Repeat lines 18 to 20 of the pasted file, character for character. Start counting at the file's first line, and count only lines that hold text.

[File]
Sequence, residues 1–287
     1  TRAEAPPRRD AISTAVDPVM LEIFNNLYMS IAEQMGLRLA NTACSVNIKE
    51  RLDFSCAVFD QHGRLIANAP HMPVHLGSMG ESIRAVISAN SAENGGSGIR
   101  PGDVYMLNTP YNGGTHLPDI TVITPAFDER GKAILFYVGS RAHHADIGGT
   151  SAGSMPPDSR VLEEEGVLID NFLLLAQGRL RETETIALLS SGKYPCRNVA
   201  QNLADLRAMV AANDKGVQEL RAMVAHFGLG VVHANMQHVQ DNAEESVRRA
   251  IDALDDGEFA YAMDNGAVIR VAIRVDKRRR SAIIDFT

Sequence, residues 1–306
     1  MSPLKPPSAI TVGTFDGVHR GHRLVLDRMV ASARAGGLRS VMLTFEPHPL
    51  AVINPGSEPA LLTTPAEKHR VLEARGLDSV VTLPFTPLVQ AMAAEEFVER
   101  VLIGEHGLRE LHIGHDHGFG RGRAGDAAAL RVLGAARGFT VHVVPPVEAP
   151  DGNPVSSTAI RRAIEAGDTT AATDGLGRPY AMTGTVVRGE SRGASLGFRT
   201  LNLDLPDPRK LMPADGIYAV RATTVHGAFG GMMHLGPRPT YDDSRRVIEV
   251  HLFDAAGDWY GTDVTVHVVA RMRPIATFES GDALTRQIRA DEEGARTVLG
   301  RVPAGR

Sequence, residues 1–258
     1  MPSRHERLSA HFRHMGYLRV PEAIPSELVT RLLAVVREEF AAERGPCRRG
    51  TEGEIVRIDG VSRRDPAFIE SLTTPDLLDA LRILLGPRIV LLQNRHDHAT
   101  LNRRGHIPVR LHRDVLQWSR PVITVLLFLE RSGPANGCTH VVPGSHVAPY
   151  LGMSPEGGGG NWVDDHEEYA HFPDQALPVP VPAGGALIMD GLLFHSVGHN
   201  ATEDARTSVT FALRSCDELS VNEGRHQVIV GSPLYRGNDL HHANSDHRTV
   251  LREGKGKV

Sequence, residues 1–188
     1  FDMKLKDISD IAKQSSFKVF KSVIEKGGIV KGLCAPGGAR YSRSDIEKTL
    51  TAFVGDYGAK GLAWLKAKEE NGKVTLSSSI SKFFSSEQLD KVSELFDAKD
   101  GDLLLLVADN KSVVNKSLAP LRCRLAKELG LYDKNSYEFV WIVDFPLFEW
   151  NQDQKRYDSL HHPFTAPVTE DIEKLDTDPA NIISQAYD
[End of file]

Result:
    51  TEGEIVRIDG VSRRDPAFIE SLTTPDLLDA LRILLGPRIV LLQNRHDHAT
   101  LNRRGHIPVR LHRDVLQWSR PVITVLLFLE RSGPANGCTH VVPGSHVAPY
   151  LGMSPEGGGG NWVDDHEEYA HFPDQALPVP VPAGGALIMD GLLFHSVGHN